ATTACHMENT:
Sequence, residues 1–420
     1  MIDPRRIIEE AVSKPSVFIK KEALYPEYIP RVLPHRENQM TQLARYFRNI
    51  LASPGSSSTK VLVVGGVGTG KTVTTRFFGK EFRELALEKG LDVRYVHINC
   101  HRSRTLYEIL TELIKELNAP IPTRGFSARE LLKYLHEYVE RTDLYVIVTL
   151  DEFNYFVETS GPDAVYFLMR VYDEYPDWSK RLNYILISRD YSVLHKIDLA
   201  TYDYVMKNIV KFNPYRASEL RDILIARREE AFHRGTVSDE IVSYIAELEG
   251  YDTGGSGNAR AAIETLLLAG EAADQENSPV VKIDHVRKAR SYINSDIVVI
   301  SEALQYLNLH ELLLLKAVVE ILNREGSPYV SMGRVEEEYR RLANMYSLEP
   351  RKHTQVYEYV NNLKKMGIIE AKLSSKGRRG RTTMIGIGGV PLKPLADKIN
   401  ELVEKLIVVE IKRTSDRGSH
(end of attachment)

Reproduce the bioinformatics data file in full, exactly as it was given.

Sequence, residues 1–420
     1  MIDPRRIIEE AVSKPSVFIK KEALYPEYIP RVLPHRENQM TQLARYFRNI
    51  LASPGSSSTK VLVVGGVGTG KTVTTRFFGK EFRELALEKG LDVRYVHINC
   101  HRSRTLYEIL TELIKELNAP IPTRGFSARE LLKYLHEYVE RTDLYVIVTL
   151  DEFNYFVETS GPDAVYFLMR VYDEYPDWSK RLNYILISRD YSVLHKIDLA
   201  TYDYVMKNIV KFNPYRASEL RDILIARREE AFHRGTVSDE IVSYIAELEG
   251  YDTGGSGNAR AAIETLLLAG EAADQENSPV VKIDHVRKAR SYINSDIVVI
   301  SEALQYLNLH ELLLLKAVVE ILNREGSPYV SMGRVEEEYR RLANMYSLEP
   351  RKHTQVYEYV NNLKKMGIIE AKLSSKGRRG RTTMIGIGGV PLKPLADKIN
   401  ELVEKLIVVE IKRTSDRGSH